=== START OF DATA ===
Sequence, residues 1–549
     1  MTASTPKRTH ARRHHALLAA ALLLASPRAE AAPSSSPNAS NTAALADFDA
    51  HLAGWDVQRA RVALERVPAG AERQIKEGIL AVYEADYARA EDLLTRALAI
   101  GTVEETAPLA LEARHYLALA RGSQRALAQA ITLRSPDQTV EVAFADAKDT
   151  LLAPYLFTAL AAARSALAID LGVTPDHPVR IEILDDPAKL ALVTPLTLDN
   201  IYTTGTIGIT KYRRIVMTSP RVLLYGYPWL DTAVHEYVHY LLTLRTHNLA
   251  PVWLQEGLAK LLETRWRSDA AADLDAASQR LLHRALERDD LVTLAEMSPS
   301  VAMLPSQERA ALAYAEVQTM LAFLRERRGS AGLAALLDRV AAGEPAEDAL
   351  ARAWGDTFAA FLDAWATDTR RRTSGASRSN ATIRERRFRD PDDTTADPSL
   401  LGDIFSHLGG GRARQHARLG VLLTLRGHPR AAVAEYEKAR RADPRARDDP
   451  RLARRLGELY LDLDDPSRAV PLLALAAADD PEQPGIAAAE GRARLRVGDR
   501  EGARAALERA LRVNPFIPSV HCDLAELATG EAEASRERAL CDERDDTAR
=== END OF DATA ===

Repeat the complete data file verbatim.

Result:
Sequence, residues 1–549
     1  MTASTPKRTH ARRHHALLAA ALLLASPRAE AAPSSSPNAS NTAALADFDA
    51  HLAGWDVQRA RVALERVPAG AERQIKEGIL AVYEADYARA EDLLTRALAI
   101  GTVEETAPLA LEARHYLALA RGSQRALAQA ITLRSPDQTV EVAFADAKDT
   151  LLAPYLFTAL AAARSALAID LGVTPDHPVR IEILDDPAKL ALVTPLTLDN
   201  IYTTGTIGIT KYRRIVMTSP RVLLYGYPWL DTAVHEYVHY LLTLRTHNLA
   251  PVWLQEGLAK LLETRWRSDA AADLDAASQR LLHRALERDD LVTLAEMSPS
   301  VAMLPSQERA ALAYAEVQTM LAFLRERRGS AGLAALLDRV AAGEPAEDAL
   351  ARAWGDTFAA FLDAWATDTR RRTSGASRSN ATIRERRFRD PDDTTADPSL
   401  LGDIFSHLGG GRARQHARLG VLLTLRGHPR AAVAEYEKAR RADPRARDDP
   451  RLARRLGELY LDLDDPSRAV PLLALAAADD PEQPGIAAAE GRARLRVGDR
   501  EGARAALERA LRVNPFIPSV HCDLAELATG EAEASRERAL CDERDDTAR